Towards NeIC2019: Interview with Christine Kirkpatrick

NeIC2019 takes place at the Tivoli Hotel & Congress Center in Copenhagen, 14-16th May. One of the four Keynote spekers is Christine Kirkpatrick, who represents the San Diego Supercomputing Center. At the conference, she will be talking about Open Science in the US. We interviewed her to get a head start on the topic.

Why are you attending NeIC2019?

I am honored to be an invited keynote. As well, I enjoy the Nordic infrastructure and data community. Since I first connected with the group in 2016, it’s been a source for pragmatic, forward thinking research services. I attend for the intellectual vitality and the welcoming, kind approach my Nordic colleagues have shown.

How do you benefit from Open Science and data sharing in your own work?

I have not benefited as much as I’d hoped. I spend a lot of time, as do many researchers, in trying fruitlessly to gain access to existing data (if I’m lucky enough to find it), gathering, and ultimately creating my own datasets. I could get further into inquiry, faster, if I could skip this step and find my way to FAIR data in my area of study. For example, my research at the moment is centered around optimizing cloud architectures for data science use cases. Many researchers just use the same attributes/resources as when the analysis ran successfully before, rather than tuning to the needs of their applications, or to converting into pipelines that make use of heterogenous resources, such as HPC and cloud. It’s turned out to be much easier, albeit time consuming, to study local resources where I have access to logs. We’ve run into similar issues with social media analytics research. We spend an inordinate amount of time screenscraping data, and ingesting data such as Twitter via APIs, when the data stores exist – in a FAIR, cleaned up state, but that we can’t get to because of economic, proprietary, and/or licensing issues.

What would you say is the most important reason to promote open research data and science?

I am motivated by the concept that we have much of the data we need to solve society’s great challenges, we just can’t locate the right sources, and haven’t figured out how to put it together. The complexity and vast availability of data means we need more help than ever from machines to mine data for insight.

In your presentation, you’re talking about implementing the models used in the EU to the American field of Open Science. Are there a lot of differences to consider?

The biggest differences are sociotechnical, which results in big technical approaches. The EU is well funded by comparison, shows unity in its commitment to open data, and has established policy to ensure progress is made. The US by contrast has modest results from a patchwork of funding agency and publisher policies, but completely lacks a unifying framework like Horizon 2020 or a project that transcends agency boundaries, such as EOSC.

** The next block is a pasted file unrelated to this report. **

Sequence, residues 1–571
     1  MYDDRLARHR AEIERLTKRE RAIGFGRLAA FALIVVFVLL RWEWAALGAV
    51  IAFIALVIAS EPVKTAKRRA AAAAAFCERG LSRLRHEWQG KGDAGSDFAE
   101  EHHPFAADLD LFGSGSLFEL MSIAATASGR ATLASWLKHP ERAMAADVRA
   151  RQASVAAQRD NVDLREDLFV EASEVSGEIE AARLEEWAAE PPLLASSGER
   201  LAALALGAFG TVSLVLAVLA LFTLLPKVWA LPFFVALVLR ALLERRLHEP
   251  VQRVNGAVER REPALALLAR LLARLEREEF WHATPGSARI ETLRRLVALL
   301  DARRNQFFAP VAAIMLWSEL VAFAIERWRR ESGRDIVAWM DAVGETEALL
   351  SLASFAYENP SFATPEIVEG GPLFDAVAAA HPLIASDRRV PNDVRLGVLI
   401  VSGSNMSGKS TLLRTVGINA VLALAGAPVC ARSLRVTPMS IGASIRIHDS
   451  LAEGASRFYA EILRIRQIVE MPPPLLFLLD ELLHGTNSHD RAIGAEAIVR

What would you say are the main challenges in Open Science in the US?

At present, I find our labeling of ‘open science’ and overuse of ‘FAIR’ as solutions and destinations to be an impediment. Don’t get me wrong, I am grateful they are well represented in scientific discourse. But these words only speak to those already in the tribe of open science promoters, that is, those already convinced. We need to find new ways to approach researchers, industry partners, funders, publishers, and support staff to be motivated to contribute and realign practices. The first step is framing ‘open science’ instead as an issue or challenge that the stakeholders recognize and own. For example, we know from several sources that most of a data scientist’s or data analyst’s time is spent on finding and wrangling data – tasks that neither stimulate these workers, nor make the best use of their finite time. If we spent time recasting open science as a way for industry and research initiatives to get deeper into a subject, more quickly, with more results – or as a way to save money on data analysts, this might bring immediacy to audiences. This will draw new participants into the conversation and build momentum needed for greater adoption and impact of open science techniques.

What is your view on the EOSC-Nordic project?

As a member of the external advisory board, I am extremely excited and optimistic about the impact the community will see from the EOSC-Nordic project. Gudmund Høst assembled a stellar team and a smart approach for coordinating across the Nordic and Baltic regions.

Please find more information and register for NeIC2019 here. You can still register today and tomorrow. We hope to see you in Copenhagen in May!